New York Mets Can Learn a Few Things from the Philadelphia Phillies
For the second straight September, the Phillies have a recent and small lead over the New York Mets. The two teams have rejuvenated their rivalry in a new era of the NL East that doesn't feature the former powerhouse Atlanta Braves winning the title to go along with every Cy Young vote.
But while both teams share a plenty of talent, the Phils have just barely squeaked by the Mets the last two seasons—until now. Here are some things that we can take from these fightin' Phils for the next 12 games and for the 2009 and upcoming seasons.
Play the Whole Season
The Phillies started 2007 with the infamous Jimmy Rollins quote: "We are the team to beat in the NL East." This came after the talented Mets cruised to the best record in baseball in 2006, only to get upset by a then hot St. Louis Cardinals team in the NLCS.
So, to many, this claim was very bold. But Rollins got the last laugh and an MVP award to go with it. In the end, the Phillies played the season out, .549 ball, good enough to surpass the Mets in the final game of the season.
They finished the season hot, and never saw themselves out of it.
Play the Whole Game
The Phillies' NL East victory was helped in part from their league leading come-from-behind wins.
This year they rank second in come from behind wins. Unlike most teams, the Phils really have it ingrained in their head that there are nine innings and 27 outs in a baseball game. While its unlikely to win a game you're down 8-0 in the last out, they believe it can happen. Credit clutch hitting, good slugging, and a good bullpen for this.
A lot of this is mental, too, and can be learned by our Mets.
In a basketball game, down by 20 points with a minute to go in the fourth quarter means the game is probably over. But down by four runs with two outs in the ninth, anything can still happen. The Phillies seem to understand this better than the Mets, and most of baseball for that matter.
Don't Pity Yourself
Sometimes it's hard not to pity oneself. When circumstances lead to it, its hard not to feel so. Self-pity may help in recovering from a traumatic event, but will accomplish nothing more.
Every baseball team goes on losing streaks, while arguably none were worse than the 2007 Mets late last year. You can point the finger in any and all directions, really, but I credit a lot of this mentally.
In the end we weren't focus and we were just feeling sorry for ourselves: "We're too good for this to happen to us."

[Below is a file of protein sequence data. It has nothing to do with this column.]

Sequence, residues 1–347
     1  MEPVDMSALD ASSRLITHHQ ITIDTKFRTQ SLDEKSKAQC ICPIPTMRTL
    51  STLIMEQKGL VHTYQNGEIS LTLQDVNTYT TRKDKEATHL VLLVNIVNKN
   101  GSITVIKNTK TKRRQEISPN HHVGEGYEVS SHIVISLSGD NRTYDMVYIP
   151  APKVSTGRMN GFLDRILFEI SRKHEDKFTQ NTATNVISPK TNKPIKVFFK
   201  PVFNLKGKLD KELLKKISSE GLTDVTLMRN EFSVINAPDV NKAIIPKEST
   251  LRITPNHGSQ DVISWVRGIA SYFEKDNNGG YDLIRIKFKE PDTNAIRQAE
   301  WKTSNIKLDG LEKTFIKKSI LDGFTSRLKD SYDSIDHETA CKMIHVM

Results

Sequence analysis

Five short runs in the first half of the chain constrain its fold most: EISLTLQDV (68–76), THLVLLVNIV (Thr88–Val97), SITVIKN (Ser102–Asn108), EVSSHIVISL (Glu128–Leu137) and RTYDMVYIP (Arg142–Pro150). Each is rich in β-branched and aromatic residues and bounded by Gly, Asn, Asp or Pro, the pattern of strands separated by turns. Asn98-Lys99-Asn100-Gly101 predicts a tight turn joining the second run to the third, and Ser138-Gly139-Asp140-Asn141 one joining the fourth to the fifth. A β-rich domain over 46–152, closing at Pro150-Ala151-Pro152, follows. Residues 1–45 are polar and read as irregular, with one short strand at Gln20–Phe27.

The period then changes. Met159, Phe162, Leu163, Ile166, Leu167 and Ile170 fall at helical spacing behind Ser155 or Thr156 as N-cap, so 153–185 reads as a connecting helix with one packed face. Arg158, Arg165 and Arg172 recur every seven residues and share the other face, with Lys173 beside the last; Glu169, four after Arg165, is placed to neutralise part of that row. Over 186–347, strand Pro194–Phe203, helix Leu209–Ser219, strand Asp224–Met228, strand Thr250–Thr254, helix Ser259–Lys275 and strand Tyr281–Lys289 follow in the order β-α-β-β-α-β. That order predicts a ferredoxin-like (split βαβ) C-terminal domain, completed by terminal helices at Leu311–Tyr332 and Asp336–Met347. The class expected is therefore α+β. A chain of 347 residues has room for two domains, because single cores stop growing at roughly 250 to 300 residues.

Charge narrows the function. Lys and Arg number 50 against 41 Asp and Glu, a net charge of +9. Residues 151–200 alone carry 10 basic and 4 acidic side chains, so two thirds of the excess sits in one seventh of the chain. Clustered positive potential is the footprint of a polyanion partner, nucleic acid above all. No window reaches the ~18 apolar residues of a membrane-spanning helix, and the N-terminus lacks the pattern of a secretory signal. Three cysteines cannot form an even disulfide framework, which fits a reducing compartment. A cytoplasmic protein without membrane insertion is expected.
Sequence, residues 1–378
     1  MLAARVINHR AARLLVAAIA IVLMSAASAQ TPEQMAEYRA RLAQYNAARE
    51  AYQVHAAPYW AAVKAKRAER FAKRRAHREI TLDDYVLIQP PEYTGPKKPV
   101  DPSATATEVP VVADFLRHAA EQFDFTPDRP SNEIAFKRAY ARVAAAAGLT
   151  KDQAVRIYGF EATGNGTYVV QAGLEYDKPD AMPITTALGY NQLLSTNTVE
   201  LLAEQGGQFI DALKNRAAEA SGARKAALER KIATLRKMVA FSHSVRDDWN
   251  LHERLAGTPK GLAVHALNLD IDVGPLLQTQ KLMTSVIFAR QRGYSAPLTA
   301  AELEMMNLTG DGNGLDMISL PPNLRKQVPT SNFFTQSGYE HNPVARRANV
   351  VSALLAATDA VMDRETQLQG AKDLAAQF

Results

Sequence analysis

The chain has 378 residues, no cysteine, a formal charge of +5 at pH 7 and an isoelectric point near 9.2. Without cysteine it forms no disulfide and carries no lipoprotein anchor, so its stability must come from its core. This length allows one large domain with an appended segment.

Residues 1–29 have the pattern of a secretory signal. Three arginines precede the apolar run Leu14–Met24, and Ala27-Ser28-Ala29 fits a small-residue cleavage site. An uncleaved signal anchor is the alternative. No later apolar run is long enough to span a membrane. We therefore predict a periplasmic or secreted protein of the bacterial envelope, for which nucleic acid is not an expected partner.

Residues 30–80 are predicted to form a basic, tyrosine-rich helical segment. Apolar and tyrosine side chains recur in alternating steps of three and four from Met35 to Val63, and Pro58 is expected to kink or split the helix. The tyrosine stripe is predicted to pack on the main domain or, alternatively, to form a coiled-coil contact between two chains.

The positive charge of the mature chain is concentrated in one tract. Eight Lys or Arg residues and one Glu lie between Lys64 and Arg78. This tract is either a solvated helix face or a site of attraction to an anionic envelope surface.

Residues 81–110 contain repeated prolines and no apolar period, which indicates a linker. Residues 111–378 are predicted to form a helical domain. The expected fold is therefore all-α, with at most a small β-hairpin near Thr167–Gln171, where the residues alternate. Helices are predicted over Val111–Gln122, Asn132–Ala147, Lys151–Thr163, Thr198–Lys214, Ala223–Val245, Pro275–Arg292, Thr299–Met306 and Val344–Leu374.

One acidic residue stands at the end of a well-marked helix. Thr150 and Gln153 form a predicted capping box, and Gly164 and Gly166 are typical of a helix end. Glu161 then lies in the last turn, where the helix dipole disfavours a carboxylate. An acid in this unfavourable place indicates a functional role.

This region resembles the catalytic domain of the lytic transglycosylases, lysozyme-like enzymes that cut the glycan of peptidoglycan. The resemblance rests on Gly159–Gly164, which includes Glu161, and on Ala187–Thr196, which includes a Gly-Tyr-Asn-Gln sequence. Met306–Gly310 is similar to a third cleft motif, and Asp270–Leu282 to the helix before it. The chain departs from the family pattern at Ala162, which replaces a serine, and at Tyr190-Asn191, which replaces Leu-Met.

There was a lot of denial between the Mets and their fans. It wasn't really for me until I was outside throwing my shoes against the side of the house. (I learned early through the mid-'90s Utah Jazz that furniture and TV remotes can be victims to bad games—the side of the house is fine).
There are healthy times and ways to pity yourself—like waiting until winter and treating yourself to Johan Santana!
Don't Get Cocky
I didn't mind the collapse so much as I minded these awful sound bites. All those ones that were to the tune of, "We're so good it's boring."
Pedro Martinez, Tom Glavine, and Carlos Delgado lead the way (all of which ironically have great careers, but had no right to be saying that last year—check their individual 2007 stats if you need reference).
These comments came to excuse losses and mental lapses in play, while the Mets had a cushy lead in the NL East.
Let me examine that quote. Boring? Yes.
The 2007 playoffs were boring for me. I barely watched as a Met fan.
Good? Well at the time they were good, yes.
But I am sure each player involved in those comments would be glad to quickly eat their words now.
Don't get me wrong, the Phillies and Jimmy Rollins aren't beacons of modesty. This year, Jimmy said something he surely regrets to the Philadelphia faithful. But there's a difference in making a claim that will motivate you and your team and making a claim that excuses you for lack of focus in a game because you're just so good at it.
I mean that's just straight Mo Vaughn-Robbie Alomar era, as in possibly most shameful moments in Mets history.
In conclusion, we can learn from the Phillies.
We can't take Chase Utley at second, or pinch-hit Howard with two on in extra innings. However, we can learn from the way they carry themselves and play the game.
While I loath them, the Phillies play one of the best mental games in all of sports. They are honest with themselves and always motivated under any circumstances. That's the kind of team you like to play for and root for—and if the Mets continue to flounder and make excuses they will quickly have very poor chemistry and have to play in front of a bitter fanbase.
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